By Yuksel A. Aslandogan
Various accounts of the Prophet’s daily life tell us that he was very careful in the observation of his daily schedule. We understand this particularly from the observation that when the Prophet changed his schedule, this was a cause for worry in the community.
For instance, one Companion relates: “The Messenger of God (upon whom be peace and blessings) left his home at a time when normally nobody saw him outside.” (Ibn Al-Athir)
Another one is: “The Messenger of God ascended to the pulpit. He was never seen on the pulpit except on Fridays before.” (Ibn Majah)
The narrations from his companions tell us that the Prophet used to divide his night into three segments. One segment was dedicated to worship, one to his family and one segment to his personal matters. At times, he is seen as giving his personal time to his community in meeting with them and trying to address their needs.
The Prophet was observed to halt his daily activities after sunset. This does not mean, however, that he rested for the remainder of the evening; he sometimes held meetings after evening or night prayer.
As a general principle, he did not like sleeping before the night prayer or talking after it (Al-Bukhari). His wife `A’ishah (may God be pleased with her) reports that the Prophet used to sleep during the early part of the night and wake up for worship during the later part. (Ibn Majah). On exceptional circumstances, the Prophet was observed to stay awake and deal with community affairs until late hours of the night.
The night stances (Qiyam Al-layl), the hours he spent in worship, reflection and prayers all occupy an important place in the Prophet’s life. He is reported to have spent on average between 2/3 to 3/4 of each night in worship, remembrance, reflection, and supplication.
This corresponds to a period of 4 to 7 hours each night, depending on the season. He explains this emphasis on night prayers in the following way: “God descends to the first heaven of the earth every night and announces, ‘Is there anyone who repents; I will forgive, is there anyone who prays; I will accept,’ and this continues until early dawn”. (Ibn Majah & Ibn Al-Athir)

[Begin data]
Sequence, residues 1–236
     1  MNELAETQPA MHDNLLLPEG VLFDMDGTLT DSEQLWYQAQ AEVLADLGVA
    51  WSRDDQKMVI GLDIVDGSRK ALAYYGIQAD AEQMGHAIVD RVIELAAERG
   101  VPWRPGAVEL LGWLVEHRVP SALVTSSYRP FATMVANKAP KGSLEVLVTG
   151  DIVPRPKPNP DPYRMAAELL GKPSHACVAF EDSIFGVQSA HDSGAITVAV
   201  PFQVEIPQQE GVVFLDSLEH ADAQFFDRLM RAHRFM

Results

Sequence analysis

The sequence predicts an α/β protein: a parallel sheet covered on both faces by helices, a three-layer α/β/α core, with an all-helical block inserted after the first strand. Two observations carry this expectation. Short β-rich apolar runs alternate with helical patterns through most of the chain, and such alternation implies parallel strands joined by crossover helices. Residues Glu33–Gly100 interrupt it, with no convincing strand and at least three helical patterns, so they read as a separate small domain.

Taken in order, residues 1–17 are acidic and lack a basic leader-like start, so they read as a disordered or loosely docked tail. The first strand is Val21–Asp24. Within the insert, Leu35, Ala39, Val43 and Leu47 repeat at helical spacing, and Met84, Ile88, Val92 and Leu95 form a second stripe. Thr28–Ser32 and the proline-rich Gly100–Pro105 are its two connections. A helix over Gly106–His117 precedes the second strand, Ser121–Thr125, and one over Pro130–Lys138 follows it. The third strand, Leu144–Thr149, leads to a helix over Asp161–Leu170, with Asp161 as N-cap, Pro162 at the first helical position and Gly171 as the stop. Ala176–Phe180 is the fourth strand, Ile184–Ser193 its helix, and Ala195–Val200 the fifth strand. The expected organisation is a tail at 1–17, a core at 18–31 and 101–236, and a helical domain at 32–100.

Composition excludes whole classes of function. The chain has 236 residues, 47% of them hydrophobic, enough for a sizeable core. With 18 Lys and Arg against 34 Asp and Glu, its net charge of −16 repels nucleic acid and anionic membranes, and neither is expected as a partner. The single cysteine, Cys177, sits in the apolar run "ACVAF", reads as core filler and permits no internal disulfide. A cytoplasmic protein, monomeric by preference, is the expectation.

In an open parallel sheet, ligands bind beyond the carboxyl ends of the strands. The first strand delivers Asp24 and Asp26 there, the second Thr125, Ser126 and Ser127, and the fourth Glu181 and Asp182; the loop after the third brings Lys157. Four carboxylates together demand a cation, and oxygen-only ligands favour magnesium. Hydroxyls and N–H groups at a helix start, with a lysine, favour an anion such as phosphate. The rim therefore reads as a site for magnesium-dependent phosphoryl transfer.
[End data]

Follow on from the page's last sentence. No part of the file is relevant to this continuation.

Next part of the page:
He also likened his night stances to those of the Prophet David: “The best nightly prayer in God’s sight is that of David. He used to sleep during the early part of the night, then wake up and spend a third of the night in prayers and sleep a little again before dawn” (Al-Bukhari, Muslim & An-Nasa’i)
The Prophet prohibited his Companions from sleeping after the Morning Prayer. He used to stay at the mosque until sunrise and have group conversations with his companions. The subjects of these conversations were both religious as well as entertaining, for example, poetry would be read or the dreams of the previous night would be related. It is understood that these hours were spent in a felicitous way, with Companions laughing at times and the Prophet smiling. (An-Nasa’i & Muslim)
The Prophet underlines the significance of these hours held for him with the following saying: “Sitting together with a group of companions and remembering God with them after the Morning Prayer until the sunrise is more valuable to me than fighting in the cause of God. The same is true for the hours after the afternoon prayer before sunset”. (Ibn Al-Athir)
Following the conversation with his Companions, the Prophet would then spend time with his family. On days when he was not fasting, he would have breakfast during this period. He is known to have eaten two meals each day, a late breakfast and a dinner.
Towards noon, he would take a nap and encourage others to do the same, as this would help them to stay awake at night for prayers. After the Noon Prayers came the time for community matters.